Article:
The decision by the Federal Government to make further cuts to the Australian aid budget, the fourth consecutive cut in three years, is deeply disappointing.
As one of the wealthiest countries in the world, a contribution of just 0.23 per cent of official development assistance as a share of gross national income (GNI) to help eradicate poverty among some of the world’s most vulnerable communities is the least Australia has ever given and totally inadequate.
Burnet Institute Deputy Director, Professor Mike Toole AM said the cut of AUD$224 million announced in the Budget significantly damages our reputation as a caring nation and community, and undermines efforts to reduce poverty and help build the economies of our neighbouring countries, important to the long-term benefits of all Australians.
“A cut of 37 per cent to health spending within the aid budget since 2013/14 has had and will continue to have significant long-term impact on communities at risk of diseases such as tuberculosis, malaria, and HIV, and puts at risk the lives of thousands of people especially young children. There will be significant numbers of deaths as a result,“ Professor Toole said.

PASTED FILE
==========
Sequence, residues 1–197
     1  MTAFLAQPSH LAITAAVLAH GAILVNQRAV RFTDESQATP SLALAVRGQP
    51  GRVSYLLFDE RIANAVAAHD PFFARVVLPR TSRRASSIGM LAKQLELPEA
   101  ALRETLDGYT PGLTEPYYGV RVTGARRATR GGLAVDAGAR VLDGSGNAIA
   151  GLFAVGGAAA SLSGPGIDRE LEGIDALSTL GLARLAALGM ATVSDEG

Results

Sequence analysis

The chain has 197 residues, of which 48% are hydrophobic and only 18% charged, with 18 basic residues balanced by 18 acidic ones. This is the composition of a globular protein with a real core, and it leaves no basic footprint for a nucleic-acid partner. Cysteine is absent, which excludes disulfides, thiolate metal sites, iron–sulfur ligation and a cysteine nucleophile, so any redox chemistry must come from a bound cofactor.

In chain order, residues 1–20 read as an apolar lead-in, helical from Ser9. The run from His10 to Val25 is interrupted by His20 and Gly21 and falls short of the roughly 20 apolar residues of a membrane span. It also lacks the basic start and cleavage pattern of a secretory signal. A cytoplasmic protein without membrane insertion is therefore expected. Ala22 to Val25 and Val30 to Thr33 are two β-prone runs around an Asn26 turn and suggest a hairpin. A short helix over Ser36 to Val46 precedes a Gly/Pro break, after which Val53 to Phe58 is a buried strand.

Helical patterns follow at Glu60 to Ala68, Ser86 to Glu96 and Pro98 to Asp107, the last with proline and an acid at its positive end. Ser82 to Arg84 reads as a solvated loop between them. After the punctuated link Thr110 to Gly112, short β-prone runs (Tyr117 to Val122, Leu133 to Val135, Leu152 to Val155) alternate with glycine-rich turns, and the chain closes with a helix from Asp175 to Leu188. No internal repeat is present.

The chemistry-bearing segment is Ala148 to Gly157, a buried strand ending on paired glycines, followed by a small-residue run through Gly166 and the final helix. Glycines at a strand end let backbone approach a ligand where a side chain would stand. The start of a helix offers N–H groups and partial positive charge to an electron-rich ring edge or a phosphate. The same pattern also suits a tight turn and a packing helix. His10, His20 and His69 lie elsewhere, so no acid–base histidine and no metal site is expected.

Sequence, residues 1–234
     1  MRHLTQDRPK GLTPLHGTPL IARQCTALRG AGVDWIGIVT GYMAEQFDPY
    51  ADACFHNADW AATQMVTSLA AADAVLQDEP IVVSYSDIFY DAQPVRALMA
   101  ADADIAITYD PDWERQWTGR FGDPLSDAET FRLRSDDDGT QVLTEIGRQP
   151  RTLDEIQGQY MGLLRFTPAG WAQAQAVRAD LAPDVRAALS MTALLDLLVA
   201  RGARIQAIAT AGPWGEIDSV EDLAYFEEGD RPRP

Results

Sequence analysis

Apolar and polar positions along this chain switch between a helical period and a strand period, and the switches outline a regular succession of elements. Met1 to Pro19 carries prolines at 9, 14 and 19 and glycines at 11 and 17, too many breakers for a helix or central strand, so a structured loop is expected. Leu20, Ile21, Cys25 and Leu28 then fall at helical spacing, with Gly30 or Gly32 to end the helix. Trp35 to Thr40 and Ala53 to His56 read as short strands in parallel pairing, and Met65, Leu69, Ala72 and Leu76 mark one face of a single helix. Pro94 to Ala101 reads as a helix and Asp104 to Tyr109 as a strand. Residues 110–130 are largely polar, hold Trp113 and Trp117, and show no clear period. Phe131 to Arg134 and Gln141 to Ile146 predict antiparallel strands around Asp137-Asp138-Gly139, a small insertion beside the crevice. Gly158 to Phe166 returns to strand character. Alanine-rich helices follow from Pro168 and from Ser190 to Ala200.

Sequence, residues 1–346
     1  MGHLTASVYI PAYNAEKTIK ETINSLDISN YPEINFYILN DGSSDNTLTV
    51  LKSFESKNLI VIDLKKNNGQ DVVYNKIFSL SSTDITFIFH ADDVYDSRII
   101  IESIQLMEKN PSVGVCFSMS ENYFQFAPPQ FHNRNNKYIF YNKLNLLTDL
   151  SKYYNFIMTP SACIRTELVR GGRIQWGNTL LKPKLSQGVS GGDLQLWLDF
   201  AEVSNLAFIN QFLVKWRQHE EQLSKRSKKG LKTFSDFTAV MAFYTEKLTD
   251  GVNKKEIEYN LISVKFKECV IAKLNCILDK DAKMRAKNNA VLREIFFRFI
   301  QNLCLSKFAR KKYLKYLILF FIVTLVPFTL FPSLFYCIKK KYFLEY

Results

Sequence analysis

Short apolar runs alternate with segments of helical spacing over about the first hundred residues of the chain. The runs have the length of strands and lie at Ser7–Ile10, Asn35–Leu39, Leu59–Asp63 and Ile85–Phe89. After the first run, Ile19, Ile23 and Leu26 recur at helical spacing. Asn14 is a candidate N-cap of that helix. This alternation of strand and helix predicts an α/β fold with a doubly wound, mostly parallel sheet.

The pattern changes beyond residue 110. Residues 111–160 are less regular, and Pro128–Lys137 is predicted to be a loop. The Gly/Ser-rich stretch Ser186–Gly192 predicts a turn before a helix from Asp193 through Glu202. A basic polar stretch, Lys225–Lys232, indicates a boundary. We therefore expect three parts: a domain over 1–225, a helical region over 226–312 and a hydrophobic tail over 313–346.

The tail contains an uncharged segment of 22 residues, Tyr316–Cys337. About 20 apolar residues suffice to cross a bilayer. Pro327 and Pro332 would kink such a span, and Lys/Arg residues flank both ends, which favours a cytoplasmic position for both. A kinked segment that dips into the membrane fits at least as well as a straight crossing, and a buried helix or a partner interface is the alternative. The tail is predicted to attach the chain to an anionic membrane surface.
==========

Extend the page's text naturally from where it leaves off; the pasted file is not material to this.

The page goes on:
“Continued cuts of this magnitude impact on the most vulnerable, restricting efforts to improve and strengthen education and health systems and build capacity to respond to crisis.
“It sends a bad message to our neighbouring countries that Australians lack compassion for those who find themselves in dire situations. There is so much ground now to be made up in foreign aid and this will take years,” he said.
Burnet Institute Deputy Director and Head of Business Development and Innovation, Associate Professor David Anderson said strong leadership is needed to rectify the situation and recognise the critical importance that supporting countries in need is good for Australia; it enhances economic growth and strengthens regional security.
“All sides of politics must look at this failure to progress towards a responsible level of official development assistance, around the level 0.5% of GNI committed by many countries much less wealthy than Australia,” Associate Professor Anderson said.
“It is disappointing that the foreign aid budget especially in health, is being significantly cut at the same time as increases in medical research expenditure through the Medical Research Future Fund is being reaffirmed.
“If both sectors are leveraged appropriately we could achieve very significant outcomes for health, security and the economy of Australia and the region,” he added.